An experimental drug discovered by a University of Maryland scientist that can buy up to a year of pain-free life for women with advanced breast cancer is expected to be licensed within the next month in England and elsewhere in Europe.
"It seems that it has taken forever," says Dr. Angela Brodie, a Baltimore campus pharmacologist and biochemist whose search for a compound that would block estrogen production began 15 years ago.
"But, I'm excited that we've proved that this drug works," Brodie said. "Breast cancer is a real tragedy and the leading cause of cancer death for women between the ages of 35 and 55."
The drug, known as 4-hydroxyandrostenedione or 4-OHA, can buy up to a year of pain-free life for women who have not responded to or relapsed from tamoxifen, the drug of choice for the majority of post-menopausal women. The 4-OHA shrinks tumors and the patient goes into remission.
While 4-OHA blocks the production of estrogen, tamoxifen blocks the action of estrogen so that when cancer cells attach to it, they don't grow, and that is where the cancer stops. Seventy percent of post-menopausal women with cancer are "estrogen receptor positive," meaning that their cancer cells use the body's estrogen to multiply.
The drug 4-OHA, which can be injected once every two weeks or taken daily in pill form, blocks the enzyme aromatase as well as estrogen production in a variety of sites in the body.
"The 4-OHA inhibits the enzyme, aromatase, and prevents it from making the estrogen that stimulates the tumors," Brodie explained.
The drug has been developed and is being marketed by Ciba-Geigy, one of the world's foremost pharmaceutical firms, which contends that as many as a half a million women could benefit from 4-OHA in England by 1996.
The drug is being licensed in England because that is where most of the clinical trials have been conducted by Brodie's collaborator, Dr. Charles Coombes, an oncologist.
Brodie, who did all of the basic research, testing a variety of compounds for aromatase inhibition with rats, hopes 4-OHA also will be approved by the U. S. Food and Drug Administration within the next two or three years.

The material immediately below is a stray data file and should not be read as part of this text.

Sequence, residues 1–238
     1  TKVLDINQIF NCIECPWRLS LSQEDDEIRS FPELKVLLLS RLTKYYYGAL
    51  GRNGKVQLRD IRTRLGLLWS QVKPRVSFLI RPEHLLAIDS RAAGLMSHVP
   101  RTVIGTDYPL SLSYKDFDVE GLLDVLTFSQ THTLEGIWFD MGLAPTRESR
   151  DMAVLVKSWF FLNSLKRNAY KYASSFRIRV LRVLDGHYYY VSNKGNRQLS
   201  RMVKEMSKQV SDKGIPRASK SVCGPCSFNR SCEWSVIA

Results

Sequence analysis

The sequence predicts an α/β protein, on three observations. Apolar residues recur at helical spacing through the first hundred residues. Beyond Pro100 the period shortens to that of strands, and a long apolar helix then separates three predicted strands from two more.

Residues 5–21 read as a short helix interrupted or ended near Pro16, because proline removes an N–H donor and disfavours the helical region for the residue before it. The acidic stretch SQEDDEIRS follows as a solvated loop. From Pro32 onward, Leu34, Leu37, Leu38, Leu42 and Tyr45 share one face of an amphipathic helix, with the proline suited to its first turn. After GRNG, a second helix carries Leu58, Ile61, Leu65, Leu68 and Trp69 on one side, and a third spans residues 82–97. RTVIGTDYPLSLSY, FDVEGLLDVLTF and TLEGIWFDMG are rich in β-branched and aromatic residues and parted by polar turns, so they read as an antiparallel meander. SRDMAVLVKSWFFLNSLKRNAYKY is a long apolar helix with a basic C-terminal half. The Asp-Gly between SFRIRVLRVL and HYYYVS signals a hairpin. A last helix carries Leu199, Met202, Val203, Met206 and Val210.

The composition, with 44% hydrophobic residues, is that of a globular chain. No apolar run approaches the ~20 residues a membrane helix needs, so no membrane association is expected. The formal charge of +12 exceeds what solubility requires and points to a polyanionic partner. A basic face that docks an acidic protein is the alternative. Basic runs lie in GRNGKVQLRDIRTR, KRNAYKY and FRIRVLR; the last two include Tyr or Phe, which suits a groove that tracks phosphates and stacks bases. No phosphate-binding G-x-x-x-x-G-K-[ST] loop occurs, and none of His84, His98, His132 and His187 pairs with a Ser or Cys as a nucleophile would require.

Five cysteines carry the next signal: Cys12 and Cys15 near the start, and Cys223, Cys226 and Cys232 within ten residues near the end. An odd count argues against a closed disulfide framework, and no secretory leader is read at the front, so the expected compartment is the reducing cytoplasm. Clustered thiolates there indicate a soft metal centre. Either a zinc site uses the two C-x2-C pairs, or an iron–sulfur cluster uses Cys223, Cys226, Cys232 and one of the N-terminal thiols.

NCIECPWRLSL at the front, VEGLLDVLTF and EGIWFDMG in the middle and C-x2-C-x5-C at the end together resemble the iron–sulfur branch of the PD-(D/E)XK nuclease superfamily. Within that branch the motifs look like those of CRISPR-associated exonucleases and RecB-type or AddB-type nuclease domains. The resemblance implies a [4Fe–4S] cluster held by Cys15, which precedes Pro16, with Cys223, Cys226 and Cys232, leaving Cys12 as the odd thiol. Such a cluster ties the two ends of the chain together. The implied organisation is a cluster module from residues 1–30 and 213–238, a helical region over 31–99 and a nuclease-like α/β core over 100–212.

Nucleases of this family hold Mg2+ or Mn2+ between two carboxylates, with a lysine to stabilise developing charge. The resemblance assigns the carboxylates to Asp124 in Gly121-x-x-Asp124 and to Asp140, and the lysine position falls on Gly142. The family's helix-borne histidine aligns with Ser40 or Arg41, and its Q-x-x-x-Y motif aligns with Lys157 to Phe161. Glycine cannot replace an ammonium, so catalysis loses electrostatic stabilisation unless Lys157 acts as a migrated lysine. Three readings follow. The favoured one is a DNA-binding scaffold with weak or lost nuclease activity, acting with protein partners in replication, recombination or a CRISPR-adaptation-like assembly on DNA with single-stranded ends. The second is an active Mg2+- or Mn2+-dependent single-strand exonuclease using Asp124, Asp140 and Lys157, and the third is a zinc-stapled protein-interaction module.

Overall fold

Findings from early studies, showing that in 30 percent of the patients the drug shrinks tumors to at least half their size or eliminates them, have held up over the years in continuing larger trials, Brodie said.
"Thirty percent may not sound like much, but it really is a lot when you consider these patients have already advanced in their disease and been treated with other drugs," she said. "And, because 4-OHA is non-toxic, it is very well tolerated."
The collaborative work between UM's Brodie and Coombes has created interest in aromatase inhibitors and now several other drug companies have started to develop a lot of compounds that are "cousins" to the one Brodie discovered.
"We have not found a cure for breast cancer," Brodie says of her discovery. "I want to make that clear. And, we do not have any 4-OHA trials going on right now in this country. But, other researchers at the University of Maryland Cancer Center are conducting trials using a compound, Fadrosole, which, like 4-OHA, is an aromatase inhibitor."
While Fadrosole acts in fairly much the same manner as 4-OHA, it's just slightly different chemically, according to Dr. Jeffrey Abrams, an associate professor of medicine and oncology at the UM Cancer Center. It causes few side effects.
Abrams said he has a double blind study under way that is testing Fadrosole against Megace, the drug that is currently used as second line hormonal therapy for breast cancer. In a double blind study, neither the patient nor the researcher know who is getting which drug.
Abrams is enrolling pre-menopausal and post-menopausal women who have breast cancer that has spread and whose disease has progressed despite surgery and tamoxifen therapy. It's a multi-center trial that will study more than 100 women over the next year. Those interested, should call 328-7904 and ask to speak to the referral coordinator.